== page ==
Listen. I know it’s important to be alone. I know it’s important to have secret hiding spots. Places we can check out for a bit and nobody disturbs us in our imaginary worlds. I have several. I guard them with my life. But here’s the thing: We need to walk this Good And Hard Life together. Women are joists by nature. We strengthen structures. We hold everything in place. But she who thinks she can hold up ceilings on her own is a little disillusioned. I should know. I was this woman for years. We need sister joists, period. And the more sisters in this tent with us refueling, the more sisters capable of throwing glitter on the world, nurturing it, elevating it, joisting it.
If this tent is your happy little secret, firstly, I’m honoured and very glad. Secondly, I’m asking you to share it. Tell your friend, your mum, your sister, your neighbour. Invite them to do Life with us. We have tea (it’s pretend) and Lindt balls (also pretend). We’re going on a week-long virtual retreat soon, although Mr Worthington (remember him?) is being replaced by another very capable candidate because the whole Lara Bingle thing kinda killed it for us. Anyway, the point is that it’s our feeling of isolation and aloneness in the world that is the most lethal to our spirits. We sag and crack under the weight of the ceiling we’re holding up, and then what? People’s minds do terrible things when the belief that we are different and separate overrules the belief that we are more alike than we think, and that connection and solidarity is the greatest force on earth. We might FEEL alone when we’re elbow-deep in nappies and tantrums, in marriage tension and overwhelm, in self-doubt and jealousy and bad self-talk and quiet rage, and we might be alone, yes, but we are Alone Together. There is a difference and it makes all the difference.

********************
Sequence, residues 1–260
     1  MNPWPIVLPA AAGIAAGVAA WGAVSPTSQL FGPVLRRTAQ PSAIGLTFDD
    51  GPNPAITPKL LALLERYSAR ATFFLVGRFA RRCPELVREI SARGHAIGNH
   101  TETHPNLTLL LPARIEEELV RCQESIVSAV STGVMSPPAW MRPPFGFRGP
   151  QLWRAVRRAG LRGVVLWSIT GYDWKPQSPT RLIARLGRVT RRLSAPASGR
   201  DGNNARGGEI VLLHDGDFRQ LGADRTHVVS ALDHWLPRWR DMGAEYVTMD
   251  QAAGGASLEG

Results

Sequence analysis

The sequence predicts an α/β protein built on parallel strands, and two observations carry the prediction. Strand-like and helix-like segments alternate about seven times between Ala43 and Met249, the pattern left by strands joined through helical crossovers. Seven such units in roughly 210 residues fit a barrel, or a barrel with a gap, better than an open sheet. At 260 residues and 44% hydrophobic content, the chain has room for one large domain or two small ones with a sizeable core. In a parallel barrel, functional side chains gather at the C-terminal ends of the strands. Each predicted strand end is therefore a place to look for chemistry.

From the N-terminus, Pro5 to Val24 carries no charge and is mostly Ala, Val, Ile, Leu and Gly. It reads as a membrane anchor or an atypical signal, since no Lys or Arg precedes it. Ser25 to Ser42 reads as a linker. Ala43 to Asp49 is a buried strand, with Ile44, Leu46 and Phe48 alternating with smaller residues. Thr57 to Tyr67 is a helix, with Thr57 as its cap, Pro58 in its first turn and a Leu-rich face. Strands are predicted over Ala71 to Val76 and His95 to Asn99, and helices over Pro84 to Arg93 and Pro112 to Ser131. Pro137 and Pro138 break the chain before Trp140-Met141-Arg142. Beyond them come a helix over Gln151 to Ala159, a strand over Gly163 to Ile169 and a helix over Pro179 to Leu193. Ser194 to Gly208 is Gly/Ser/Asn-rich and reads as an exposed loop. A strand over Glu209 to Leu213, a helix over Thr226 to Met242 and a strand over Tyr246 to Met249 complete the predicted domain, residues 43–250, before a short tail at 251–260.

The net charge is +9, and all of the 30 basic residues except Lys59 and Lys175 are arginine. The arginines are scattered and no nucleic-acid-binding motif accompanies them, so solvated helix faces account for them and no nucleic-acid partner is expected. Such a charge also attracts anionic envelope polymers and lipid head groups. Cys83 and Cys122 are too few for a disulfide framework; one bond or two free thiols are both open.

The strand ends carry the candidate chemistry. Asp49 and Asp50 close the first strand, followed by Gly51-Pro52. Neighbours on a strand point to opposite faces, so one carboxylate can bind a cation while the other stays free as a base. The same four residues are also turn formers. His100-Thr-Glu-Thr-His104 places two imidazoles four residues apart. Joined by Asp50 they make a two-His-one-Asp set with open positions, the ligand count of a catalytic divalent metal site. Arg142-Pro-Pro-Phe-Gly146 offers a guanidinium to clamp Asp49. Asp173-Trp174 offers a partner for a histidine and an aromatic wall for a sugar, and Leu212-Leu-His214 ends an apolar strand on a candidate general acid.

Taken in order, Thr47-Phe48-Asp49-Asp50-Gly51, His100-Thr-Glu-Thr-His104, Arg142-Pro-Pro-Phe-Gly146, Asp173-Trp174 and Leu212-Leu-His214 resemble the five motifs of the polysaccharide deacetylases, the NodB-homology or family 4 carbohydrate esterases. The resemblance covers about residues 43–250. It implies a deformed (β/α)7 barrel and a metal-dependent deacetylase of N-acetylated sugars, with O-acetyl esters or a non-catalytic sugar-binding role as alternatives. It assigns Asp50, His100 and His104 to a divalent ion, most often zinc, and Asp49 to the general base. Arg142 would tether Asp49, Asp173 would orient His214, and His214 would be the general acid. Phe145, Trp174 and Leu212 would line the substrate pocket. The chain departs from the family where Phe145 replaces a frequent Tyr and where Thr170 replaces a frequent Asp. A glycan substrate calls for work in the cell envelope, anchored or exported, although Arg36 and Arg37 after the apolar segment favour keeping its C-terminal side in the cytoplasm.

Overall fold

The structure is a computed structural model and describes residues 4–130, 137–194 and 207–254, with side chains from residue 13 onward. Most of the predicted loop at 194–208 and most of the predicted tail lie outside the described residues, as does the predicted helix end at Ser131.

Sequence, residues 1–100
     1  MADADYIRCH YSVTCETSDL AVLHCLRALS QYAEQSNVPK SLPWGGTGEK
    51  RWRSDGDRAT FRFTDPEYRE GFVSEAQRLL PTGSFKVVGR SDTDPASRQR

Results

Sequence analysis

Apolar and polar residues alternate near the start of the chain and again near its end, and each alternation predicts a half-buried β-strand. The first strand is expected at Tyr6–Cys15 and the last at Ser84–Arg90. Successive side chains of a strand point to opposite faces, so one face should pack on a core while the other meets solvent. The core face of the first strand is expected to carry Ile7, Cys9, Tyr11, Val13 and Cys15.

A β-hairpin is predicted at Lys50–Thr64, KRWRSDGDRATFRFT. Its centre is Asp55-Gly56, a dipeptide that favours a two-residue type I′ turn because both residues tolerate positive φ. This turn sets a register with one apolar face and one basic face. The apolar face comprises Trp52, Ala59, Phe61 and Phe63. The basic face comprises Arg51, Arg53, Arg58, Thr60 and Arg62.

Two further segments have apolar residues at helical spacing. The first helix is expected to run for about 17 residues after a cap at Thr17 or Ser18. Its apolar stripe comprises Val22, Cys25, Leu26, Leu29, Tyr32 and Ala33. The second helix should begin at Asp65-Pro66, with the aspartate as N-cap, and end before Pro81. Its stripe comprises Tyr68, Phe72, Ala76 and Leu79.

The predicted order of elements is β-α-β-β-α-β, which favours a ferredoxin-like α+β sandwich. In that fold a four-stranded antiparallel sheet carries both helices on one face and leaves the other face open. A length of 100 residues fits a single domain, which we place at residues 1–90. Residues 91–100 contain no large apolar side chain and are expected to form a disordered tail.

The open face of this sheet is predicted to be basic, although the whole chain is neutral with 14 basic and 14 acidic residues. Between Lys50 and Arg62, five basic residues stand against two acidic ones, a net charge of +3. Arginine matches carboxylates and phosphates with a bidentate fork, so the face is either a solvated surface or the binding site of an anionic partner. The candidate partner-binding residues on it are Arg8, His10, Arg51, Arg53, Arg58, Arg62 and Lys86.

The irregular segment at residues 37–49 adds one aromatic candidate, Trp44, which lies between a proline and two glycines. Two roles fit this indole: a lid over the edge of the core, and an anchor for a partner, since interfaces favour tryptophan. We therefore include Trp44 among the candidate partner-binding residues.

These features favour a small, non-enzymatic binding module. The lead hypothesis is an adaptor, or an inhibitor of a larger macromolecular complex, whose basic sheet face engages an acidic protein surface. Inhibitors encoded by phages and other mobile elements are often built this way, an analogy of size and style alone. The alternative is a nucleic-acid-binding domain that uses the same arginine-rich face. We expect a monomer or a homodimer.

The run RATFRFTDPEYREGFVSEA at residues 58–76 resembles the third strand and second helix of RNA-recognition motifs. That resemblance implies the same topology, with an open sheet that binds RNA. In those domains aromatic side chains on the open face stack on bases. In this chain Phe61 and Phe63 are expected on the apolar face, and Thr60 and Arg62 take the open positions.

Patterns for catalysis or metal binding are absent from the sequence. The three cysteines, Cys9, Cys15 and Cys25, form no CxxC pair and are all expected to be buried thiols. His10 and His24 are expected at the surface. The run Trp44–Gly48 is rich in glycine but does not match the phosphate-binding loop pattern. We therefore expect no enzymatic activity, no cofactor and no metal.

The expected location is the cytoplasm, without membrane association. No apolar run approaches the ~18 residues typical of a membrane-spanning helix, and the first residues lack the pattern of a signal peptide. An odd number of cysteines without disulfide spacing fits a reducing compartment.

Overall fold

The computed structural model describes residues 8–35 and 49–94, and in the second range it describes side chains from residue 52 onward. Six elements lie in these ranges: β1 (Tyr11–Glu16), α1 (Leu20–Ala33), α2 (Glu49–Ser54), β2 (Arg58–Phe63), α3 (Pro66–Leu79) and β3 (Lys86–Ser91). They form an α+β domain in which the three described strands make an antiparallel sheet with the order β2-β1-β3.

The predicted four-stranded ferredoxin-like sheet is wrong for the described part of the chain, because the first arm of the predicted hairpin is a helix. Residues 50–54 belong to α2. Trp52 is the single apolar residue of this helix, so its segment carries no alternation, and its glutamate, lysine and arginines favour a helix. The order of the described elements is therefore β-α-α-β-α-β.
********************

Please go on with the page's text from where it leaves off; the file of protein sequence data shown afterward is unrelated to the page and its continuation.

There’s this old African proverb I love: If you want to go fast, go alone. If you want to go further, go together.
Walking together takes longer, always, because people are flawed and slow and complicated and messy and hard work. God knows they are hard work. But we will forever go further when we break down our walls, build a village, embrace each other’s humanness and ride this gig together, one Tim Tam at a time.
Grab all the women you know. Invite them inside.
Let’s walk together. And by walk, I mean nap.
The last drops of our sun-soaked-holiday-Christmas haze, packed tightly like a time capsule with all I want to preserve. Sometimes we have to dig deep to find our Small Happies. Other times they flit about in abundance. Holidays are the latter.
“Once upon a time there were two sisters. One of them was really, really strong, and one of them wasn’t.’ You looked at me. ‘Your turn.’
I rolled my eyes. ‘The strong sister went outside into the rain and realized the reason she was strong was because she was made out of iron, but it was raining and she rusted. The end.’
No, because the sister who wasn’t strong went outside into the rain when it was raining, and hugged her really tight until the sun came out again.”
– Jodi Picoult, Handle with Care